Readers who mistake theater for reality are vanishingly rare, but almost every reader spends time wondering what she would do if she were to find herself in the same fix as the characters she is reading about. Would we wonder about being in the circumstances of words on a page?

Death by Judgment

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he second most common way to kill interest in literature is death by judgment. One faults or excuses author, character, or the society depicted according to the moral and social standards prevalent today, by which I mean those standards shared by professional interpreters of literature. These courses are really ways of inculcating those values and making students into good little detectors of deviant thoughts.

“If only divorce laws had been more enlightened, Anna Karenina would not have had such a hard time!” And if she had shared our views about [insert urgent concern here], she would have been so much wiser. I asked one of my students, who had never enjoyed reading literature, what books she had been assigned, and she mentioned Huckleberry Finn. Pondering how to kill a book as much fun as that, I asked how it had been taught. She explained: “We learned it shows that slavery is wrong.” All I could think was: If you didn’t know that already, you have more serious problems than not appreciating literature.

In this approach, the more that authors and characters shared our beliefs, the more enlightened they were. This is simply a form of ahistorical flattery; it makes us the wisest people who ever lived, much more advanced than that Shakespeare guy. Of course, numerous critical schools that judge literary works are more sophisticated than that class on Huckleberry Finn, but they all still presume the correctness of their own views and then measure others against them. That stance makes it impossible to do anything but verify what one already believes. Why not instead imagine what valid criticisms these authors would advance if they could see us?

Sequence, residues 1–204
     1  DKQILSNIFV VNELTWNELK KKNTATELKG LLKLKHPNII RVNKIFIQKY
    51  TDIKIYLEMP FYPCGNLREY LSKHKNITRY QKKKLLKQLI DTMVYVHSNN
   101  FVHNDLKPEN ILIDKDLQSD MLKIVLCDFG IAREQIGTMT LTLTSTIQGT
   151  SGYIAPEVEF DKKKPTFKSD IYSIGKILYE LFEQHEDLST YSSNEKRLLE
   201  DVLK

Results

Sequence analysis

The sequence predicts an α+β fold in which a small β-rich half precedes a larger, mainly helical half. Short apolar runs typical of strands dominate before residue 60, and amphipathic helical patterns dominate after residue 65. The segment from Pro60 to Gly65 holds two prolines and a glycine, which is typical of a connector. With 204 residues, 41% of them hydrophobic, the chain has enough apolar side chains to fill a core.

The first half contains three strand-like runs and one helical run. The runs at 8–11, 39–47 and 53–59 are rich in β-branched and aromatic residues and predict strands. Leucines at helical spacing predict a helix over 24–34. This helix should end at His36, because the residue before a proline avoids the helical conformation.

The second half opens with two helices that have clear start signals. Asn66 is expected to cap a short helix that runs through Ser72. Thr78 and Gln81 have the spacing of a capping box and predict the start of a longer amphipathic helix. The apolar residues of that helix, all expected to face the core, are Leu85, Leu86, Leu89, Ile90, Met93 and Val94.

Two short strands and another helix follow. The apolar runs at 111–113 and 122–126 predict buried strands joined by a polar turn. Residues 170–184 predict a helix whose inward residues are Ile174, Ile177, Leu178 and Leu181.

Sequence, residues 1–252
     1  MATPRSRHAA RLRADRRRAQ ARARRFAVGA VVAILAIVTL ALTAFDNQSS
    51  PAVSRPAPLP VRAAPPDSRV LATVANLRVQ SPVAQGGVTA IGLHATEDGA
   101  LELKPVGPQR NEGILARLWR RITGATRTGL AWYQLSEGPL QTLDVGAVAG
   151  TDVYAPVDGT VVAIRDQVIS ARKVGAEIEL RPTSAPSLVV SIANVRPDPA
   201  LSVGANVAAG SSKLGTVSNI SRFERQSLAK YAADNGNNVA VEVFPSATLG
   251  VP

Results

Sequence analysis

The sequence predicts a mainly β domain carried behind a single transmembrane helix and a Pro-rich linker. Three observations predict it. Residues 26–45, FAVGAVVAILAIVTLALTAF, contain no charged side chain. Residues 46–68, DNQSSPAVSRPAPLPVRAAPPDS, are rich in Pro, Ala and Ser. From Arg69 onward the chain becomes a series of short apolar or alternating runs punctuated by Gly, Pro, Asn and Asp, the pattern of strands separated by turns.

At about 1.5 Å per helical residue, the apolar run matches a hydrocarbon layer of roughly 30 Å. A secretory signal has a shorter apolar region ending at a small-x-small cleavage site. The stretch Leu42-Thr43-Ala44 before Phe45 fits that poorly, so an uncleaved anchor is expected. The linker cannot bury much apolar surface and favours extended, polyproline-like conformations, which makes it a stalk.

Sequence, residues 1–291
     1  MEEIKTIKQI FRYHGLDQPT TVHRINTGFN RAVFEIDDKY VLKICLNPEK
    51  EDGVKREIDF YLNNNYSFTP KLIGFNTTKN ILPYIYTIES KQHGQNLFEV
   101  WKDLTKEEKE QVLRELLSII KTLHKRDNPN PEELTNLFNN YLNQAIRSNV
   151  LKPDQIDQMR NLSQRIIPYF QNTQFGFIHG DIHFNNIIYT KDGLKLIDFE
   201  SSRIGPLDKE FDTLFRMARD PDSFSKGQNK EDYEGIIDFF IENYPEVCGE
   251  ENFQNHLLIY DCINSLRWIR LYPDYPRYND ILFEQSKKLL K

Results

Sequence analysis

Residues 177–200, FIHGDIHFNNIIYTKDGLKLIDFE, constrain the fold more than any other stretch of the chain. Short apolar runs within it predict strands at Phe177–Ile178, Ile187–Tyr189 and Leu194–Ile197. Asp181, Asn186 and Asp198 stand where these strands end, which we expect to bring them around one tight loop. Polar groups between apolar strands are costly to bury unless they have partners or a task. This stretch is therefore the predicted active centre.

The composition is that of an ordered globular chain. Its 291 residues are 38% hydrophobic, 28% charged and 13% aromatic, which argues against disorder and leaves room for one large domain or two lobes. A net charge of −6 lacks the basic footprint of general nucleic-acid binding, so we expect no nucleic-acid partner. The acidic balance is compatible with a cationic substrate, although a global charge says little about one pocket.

What makes a work literary is that it is interesting to people who do not care about its original context. Literariness begins where documentariness ends.

Us. When intellectuals condemn what is wrong with “us,” they usually mean Americans without postgraduate degrees. This “us” is a strange use of the first person plural, for it excludes the speakers. It’s an us that excludes us. Perhaps we need a new grammatical category to designate it—let’s call it the “self-excluding we.” By the way, the “self-excluding we” exists elsewhere—for example, when parents talk to young children. “We’re having a little diarrhea today, aren’t we?”

If one does not allow other perspectives to show the limitations of our own, literature easily becomes pointless. In a real dialogue, new insights can emerge.

The Documentary Fallacy

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ne can kill a work a third way: by treating it as a document of its time. “The author didn’t write in a vacuum, you know!” In other words, Dickens is notable because he depicts the deplorable conditions of workers of his age. True enough, but a factory inspector’s report might do even better.

This approach puts the cart before the horse. One does not read Dostoevsky to learn about Russian history; one becomes interested in Russian history from reading its classics. After all, every culture has many periods, and one can’t be interested in each period of every culture, so the argument about Russian history is bound to fail except with people already interested in Russian history.

What makes a work literary is that it is interesting to people who do not care about its original context. Literariness begins where documentariness ends. Dostoevsky illuminates psychological and moral problems that are still pertinent, even outside Russia.

A few years ago, when I was talking to a group of students, one of them asked why I teach the books I do, and I replied simply that they are among the greatest ever written. Later one of my colleagues told me she experienced the thrill one hears when a taboo is broken, because it has been orthodoxy among literature professors for some three decades that there is no such thing as “great literature.” There are only things called great literature because hegemonic forces of oppression have mystified us into believing in objective greatness, whereas intrinsically Shakespeare is no different from a laundry list or any other document. If this sounds exaggerated, let me cite the most commonly taught anthology among literature professors, The Norton Anthology of Theory and Criticism. Its editors paraphrase a key tenet of the dominant movement called “cultural studies,” which has set the critical agenda: